• to make a sketch of a man's life: vitam alicuius depingere
    • a good conscience: conscientia recta, recte facti (factorum), virtutis, bene actae vitae, rectae voluntatis
    • a sound and sensible system of conduct: vitae ratio bene ac sapienter instituta
    • the principles which I have followed since I came to man's estate: meae vitae rationes ab ineunte aetate susceptae (Imp. Pomp. 1. 1.)
    • the necessaries of life: res ad vitam necessariae
    • comfor: vitae commoditas iucunditasque
    • to provide some one with a livelihood: omnes ad vitam copias suppeditare alicui
    • to endure a life of privation: vitam (inopem) tolerare (B. G. 7. 77)
    • social life: vitae societas
    • to unite isolated individuals into a society: dissipatos homines in (ad) societatem vitae convocare (Tusc. 1. 25. 62)
    • to live a lonely life: vitam solitariam agere
    • he has power over life and death: potestatem habet in aliquem vitae necisque (B. G. 1. 16. 5)
    • (ambiguous) country life (the life of resident farmers, etc.: vita rustica
    • (ambiguous) country life (of casual, temporary visitors): rusticatio, vita rusticana
    • (ambiguous) to be alive: in vita esse
    • (ambiguous) to enjoy the privilege of living; to be alive: vita or hac luce frui
    • (ambiguous) as long as I live: dum vita suppetit; dum (quoad) vivo
    • (ambiguous) if I live till then: si vita mihi suppeditat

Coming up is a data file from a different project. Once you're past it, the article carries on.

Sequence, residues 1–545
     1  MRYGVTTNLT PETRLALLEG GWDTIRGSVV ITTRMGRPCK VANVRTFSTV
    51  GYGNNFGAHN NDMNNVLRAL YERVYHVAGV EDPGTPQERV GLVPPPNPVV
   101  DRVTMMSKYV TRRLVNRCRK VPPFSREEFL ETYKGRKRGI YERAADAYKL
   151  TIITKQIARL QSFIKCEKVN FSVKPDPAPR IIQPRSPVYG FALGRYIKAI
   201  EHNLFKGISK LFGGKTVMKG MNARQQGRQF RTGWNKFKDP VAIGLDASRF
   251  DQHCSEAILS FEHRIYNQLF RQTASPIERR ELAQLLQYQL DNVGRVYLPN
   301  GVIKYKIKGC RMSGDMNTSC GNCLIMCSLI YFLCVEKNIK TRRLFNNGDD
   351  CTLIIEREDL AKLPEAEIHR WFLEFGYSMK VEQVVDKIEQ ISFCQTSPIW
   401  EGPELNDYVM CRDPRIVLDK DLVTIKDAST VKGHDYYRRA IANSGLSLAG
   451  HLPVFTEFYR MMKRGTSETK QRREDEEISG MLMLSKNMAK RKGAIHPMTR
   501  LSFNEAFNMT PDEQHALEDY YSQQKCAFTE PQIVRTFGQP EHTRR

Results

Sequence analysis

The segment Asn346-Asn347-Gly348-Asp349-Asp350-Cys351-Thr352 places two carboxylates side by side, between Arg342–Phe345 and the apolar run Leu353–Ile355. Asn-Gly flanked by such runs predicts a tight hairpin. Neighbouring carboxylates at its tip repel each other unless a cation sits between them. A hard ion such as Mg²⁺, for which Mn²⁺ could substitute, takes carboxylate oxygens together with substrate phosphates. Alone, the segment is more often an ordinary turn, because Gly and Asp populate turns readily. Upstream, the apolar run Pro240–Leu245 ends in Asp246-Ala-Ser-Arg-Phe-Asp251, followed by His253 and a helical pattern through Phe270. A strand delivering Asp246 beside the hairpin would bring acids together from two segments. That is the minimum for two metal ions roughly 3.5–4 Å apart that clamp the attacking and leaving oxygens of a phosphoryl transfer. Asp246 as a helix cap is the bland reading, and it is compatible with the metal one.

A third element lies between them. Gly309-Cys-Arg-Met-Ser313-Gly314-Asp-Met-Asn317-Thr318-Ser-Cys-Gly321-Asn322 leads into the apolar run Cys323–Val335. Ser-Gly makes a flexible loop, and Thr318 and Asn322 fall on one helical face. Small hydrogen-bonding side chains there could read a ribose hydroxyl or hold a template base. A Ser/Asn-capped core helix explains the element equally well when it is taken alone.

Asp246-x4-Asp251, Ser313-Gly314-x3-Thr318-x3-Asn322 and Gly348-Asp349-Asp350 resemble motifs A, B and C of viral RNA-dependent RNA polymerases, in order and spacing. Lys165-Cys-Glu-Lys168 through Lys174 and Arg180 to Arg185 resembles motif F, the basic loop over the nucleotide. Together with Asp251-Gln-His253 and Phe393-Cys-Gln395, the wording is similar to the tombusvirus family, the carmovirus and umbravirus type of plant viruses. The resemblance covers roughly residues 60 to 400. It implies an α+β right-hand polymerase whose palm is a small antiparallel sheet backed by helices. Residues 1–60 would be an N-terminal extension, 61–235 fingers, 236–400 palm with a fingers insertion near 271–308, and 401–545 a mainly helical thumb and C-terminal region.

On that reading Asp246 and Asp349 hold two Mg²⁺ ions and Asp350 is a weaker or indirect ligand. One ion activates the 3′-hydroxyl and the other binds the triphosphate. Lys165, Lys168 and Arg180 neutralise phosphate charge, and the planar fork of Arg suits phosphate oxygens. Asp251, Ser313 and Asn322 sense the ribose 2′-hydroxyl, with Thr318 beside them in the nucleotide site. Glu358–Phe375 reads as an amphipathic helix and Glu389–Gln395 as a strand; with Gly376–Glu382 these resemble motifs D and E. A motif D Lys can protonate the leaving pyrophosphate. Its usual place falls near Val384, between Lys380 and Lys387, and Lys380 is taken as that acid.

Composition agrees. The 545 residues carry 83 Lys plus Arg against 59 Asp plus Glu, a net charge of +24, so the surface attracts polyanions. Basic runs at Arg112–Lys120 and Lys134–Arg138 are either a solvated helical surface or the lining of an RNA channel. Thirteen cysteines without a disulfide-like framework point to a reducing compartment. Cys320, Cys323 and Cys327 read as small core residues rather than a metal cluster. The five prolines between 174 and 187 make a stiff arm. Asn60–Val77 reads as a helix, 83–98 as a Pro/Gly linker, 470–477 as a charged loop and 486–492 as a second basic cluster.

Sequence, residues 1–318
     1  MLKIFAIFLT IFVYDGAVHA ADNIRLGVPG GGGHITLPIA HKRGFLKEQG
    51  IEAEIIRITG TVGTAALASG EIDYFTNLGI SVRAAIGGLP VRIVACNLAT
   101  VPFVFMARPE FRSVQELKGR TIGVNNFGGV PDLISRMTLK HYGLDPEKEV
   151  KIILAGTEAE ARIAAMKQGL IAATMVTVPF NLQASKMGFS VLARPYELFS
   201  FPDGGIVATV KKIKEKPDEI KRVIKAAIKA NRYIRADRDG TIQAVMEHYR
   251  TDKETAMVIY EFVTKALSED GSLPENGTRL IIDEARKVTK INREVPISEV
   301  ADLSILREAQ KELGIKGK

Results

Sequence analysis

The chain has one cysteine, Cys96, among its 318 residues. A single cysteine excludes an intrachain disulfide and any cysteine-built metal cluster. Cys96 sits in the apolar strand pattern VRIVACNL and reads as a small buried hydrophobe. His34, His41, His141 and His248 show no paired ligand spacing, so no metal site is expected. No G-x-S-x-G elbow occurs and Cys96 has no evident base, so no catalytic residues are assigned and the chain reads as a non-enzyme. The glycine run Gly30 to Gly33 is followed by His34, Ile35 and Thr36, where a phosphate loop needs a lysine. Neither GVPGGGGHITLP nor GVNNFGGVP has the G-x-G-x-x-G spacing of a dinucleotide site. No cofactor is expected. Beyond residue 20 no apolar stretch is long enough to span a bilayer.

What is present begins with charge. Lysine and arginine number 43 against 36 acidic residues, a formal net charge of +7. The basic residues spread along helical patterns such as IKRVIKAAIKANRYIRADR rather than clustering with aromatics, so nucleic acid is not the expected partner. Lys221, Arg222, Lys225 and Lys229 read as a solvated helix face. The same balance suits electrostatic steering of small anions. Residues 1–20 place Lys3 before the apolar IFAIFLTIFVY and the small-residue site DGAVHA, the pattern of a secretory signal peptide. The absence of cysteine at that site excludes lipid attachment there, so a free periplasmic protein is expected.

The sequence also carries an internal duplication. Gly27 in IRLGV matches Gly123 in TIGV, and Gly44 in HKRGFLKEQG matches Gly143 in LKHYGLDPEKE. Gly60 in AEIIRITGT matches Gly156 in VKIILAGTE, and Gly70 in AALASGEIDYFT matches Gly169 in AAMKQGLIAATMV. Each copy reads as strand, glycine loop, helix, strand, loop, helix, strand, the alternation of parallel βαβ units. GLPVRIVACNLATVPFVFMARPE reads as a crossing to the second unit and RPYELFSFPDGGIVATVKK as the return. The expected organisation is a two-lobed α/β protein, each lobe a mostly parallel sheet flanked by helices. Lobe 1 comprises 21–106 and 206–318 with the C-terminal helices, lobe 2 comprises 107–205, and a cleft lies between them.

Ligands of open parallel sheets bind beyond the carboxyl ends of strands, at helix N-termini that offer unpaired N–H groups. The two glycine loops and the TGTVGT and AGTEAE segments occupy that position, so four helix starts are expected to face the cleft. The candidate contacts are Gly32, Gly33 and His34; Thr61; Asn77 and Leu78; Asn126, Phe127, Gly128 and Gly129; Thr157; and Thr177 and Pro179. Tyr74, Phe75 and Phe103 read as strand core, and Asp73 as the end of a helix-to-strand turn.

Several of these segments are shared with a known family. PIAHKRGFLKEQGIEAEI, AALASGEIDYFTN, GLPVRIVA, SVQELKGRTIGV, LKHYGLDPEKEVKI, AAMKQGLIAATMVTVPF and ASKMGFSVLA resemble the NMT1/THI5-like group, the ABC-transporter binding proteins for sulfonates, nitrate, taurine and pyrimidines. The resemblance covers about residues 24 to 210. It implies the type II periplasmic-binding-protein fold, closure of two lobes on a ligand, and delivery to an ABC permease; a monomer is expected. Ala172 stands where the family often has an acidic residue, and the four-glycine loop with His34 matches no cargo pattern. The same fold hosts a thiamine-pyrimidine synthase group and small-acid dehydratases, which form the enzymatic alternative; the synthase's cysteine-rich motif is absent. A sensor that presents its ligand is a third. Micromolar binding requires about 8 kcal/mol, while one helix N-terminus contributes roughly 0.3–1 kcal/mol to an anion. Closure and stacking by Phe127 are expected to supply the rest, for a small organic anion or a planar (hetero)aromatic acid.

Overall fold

• (ambiguous) if I live till then: si vita suppetit
    • (ambiguous) the evening of life: vita occidens
    • (ambiguous) to depart this life: (de) vita decedere or merely decedere
    • (ambiguous) to depart this life: (ex) vita excedere, ex vita abire
    • (ambiguous) to depart this life: de vita exire, de (ex) vita migrare
    • (ambiguous) to take one's own life: se vita privare
    • (ambiguous) that is the way of the world; such is life: sic vita hominum est
    • (ambiguous) happiness, bliss: beata vita, beate vivere, beatum esse
    • (ambiguous) to live a life free from all misfortune: nihil calamitatis (in vita) videre
    • (ambiguous) a man's life is at stake, is in very great danger: salus, caput, vita alicuius agitur, periclitatur, in discrimine est or versatur
    • (ambiguous) the contemplative life of a student: vita umbratilis (vid. sect. VII. 4)
    • (ambiguous) to have attained to a high degree of culture: omni vita atque victu excultum atque expolitum esse (Brut. 25. 95)
    • (ambiguous) to civilise men, a nation: homines, gentem a fera agrestique vita ad humanum cultum civilemque deducere (De Or. 1. 8. 33)
    • (ambiguous) moral science; ethics: philosophia, quae est de vita et moribus (Acad. 1. 5. 19)
    • (ambiguous) moral science; ethics: philosophia, in qua de bonis rebus et malis, deque hominum vita et moribus disputatur
    • (ambiguous) a thing is taken from life: aliquid e vita ductum est
    • (ambiguous) a virtuous (immoral) life: vita honesta (turpis)
    • (ambiguous) a life defiled by every crime: vita omnibus flagitiis, vitiis dedita
    • (ambiguous) a life defiled by every crime: vita omnibus flagitiis inquinata
    • (ambiguous) character: natura et mores; vita moresque; indoles animi ingeniique; or simply ingenium, indoles, natura, mores
    • (ambiguous) the busy life of a statesman: vita occupata (vid. sect. VII. 2)
    • (ambiguous) private life: vita privata (Senect. 7. 22)



vita ญ. (พหูพจน์ vite)

  1. ชีวิต